After The Hangover became summer of 2009’s highest grossing comedy and the highest-grossing R-rated comedy of all time, it’s no surprise the studio rushed a sequel into theaters. Bradley Cooper, Ed Helms, and the original’s breakout star, Zach Galifianakis, are all back, along with director Todd Phillips and several key members of the supporting cast, including Ken Jeong and Mike Tyson. The action’s transplanted to Thailand, as the gang is there celebrating Ed Helms’s character’s wedding this time, only to have a wild but mostly-forgotten night all over again. The hoopla over Mel Gibson’s cancelled cameo in the movie should be overshadowed by another staggering box office return for the now-franchise, as The Hangover Part II is this summer’s most-hyped comedy and one that’s pretty much a guaranteed hit already.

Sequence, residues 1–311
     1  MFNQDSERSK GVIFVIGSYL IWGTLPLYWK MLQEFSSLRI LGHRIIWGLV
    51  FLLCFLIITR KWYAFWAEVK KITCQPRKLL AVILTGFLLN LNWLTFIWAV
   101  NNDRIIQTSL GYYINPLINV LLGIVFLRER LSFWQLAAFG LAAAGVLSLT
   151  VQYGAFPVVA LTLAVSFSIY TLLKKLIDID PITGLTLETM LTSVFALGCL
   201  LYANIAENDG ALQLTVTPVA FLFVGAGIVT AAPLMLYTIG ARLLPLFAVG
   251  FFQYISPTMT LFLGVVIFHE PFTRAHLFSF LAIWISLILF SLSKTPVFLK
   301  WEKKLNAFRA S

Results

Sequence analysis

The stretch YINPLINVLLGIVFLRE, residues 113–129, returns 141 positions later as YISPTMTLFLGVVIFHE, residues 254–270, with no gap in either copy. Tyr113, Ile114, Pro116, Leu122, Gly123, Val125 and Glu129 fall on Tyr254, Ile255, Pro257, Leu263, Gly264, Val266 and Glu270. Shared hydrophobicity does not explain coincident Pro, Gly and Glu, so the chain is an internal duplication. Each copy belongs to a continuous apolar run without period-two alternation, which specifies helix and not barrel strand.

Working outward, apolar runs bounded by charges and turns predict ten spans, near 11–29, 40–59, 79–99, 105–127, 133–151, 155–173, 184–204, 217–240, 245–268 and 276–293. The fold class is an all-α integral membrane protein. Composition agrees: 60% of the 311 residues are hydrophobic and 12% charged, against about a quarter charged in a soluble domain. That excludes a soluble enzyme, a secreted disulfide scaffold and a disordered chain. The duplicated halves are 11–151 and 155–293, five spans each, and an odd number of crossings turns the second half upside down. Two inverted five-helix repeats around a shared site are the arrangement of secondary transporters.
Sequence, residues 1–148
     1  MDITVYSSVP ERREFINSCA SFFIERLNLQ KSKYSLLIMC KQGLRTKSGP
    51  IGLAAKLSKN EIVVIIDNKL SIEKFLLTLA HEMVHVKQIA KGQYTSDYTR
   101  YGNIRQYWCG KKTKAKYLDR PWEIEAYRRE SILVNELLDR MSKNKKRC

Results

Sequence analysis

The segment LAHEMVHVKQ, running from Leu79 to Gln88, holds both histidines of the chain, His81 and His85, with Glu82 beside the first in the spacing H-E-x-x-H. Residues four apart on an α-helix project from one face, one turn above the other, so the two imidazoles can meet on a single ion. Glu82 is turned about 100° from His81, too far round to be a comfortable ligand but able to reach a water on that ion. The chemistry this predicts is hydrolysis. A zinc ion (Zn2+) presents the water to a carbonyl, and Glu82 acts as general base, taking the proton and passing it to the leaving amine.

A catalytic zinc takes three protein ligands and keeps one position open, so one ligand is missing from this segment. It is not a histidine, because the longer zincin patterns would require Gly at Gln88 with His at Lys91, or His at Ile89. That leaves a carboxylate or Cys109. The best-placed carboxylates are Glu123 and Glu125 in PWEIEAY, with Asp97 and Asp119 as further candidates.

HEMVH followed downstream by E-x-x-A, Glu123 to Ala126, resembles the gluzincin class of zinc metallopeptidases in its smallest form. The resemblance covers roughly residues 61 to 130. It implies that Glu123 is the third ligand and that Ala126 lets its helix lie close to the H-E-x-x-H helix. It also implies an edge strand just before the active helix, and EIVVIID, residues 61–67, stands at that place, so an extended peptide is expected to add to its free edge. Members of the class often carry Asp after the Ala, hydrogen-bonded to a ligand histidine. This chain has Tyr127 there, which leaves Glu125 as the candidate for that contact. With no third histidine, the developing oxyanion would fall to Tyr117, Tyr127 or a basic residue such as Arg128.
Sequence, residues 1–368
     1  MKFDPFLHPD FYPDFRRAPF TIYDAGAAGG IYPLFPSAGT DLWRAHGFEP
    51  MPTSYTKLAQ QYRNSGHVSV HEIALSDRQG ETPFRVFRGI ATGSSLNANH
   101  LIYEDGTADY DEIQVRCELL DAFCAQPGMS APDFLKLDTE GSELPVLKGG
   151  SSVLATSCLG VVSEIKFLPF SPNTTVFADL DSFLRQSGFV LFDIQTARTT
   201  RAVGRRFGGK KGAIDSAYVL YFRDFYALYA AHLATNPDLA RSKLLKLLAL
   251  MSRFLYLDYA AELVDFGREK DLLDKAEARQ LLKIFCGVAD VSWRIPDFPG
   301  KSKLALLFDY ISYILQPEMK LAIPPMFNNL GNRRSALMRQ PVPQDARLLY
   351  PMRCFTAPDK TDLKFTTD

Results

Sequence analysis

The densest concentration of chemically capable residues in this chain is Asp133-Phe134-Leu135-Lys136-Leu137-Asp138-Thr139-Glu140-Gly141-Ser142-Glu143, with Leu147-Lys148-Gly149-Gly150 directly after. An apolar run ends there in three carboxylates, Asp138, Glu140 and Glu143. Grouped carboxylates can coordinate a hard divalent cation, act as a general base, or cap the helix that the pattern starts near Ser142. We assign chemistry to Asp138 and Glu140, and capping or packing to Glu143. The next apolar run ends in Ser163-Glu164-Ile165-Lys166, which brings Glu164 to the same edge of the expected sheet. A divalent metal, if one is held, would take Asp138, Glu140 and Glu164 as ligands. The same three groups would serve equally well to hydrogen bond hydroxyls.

Also in theaters this weekend: The sequel to the smash-hit 2008 animated family comedy Kung Fu Panda, the aptly titled Kung Fu Panda 2, is set to burst onto the screen. Most of the voice cast will be returning, including Jack Black, Dustin Hoffman, Seth Rogen, and David Cross. Listen for Danny McBride voice in a small part as the voice of a wolf.
Submarine (watch trailer)
Richard Ayoade, best known as Maurice on the British sitcom The IT Crowd, is also an accomplished television writer-director, and he’ll be making his feature debut with Submarine, a coming-of-age comedy-drama from Ben Stiller’s production company. Ayoade cut his teeth on British comedy series Garth Marenghi’s Darkplace and its spin-off Man to Man with DeanLearner, and he most recently directed one of my favorite Community episodes this season, the My Dinner With Andre homage “Critical Film Studies.” Richard Ayoade has continued his hot streak with Submarine, which drew overwhelmingly positive reviews since its film festival debut and UK release, even evoking Wes Anderson comparisons. While Submarine won’t be competing for box office domination with high-profile broad-appeal releases like The Hangover II, it has the makings of a beloved cult film and critic’s favorite.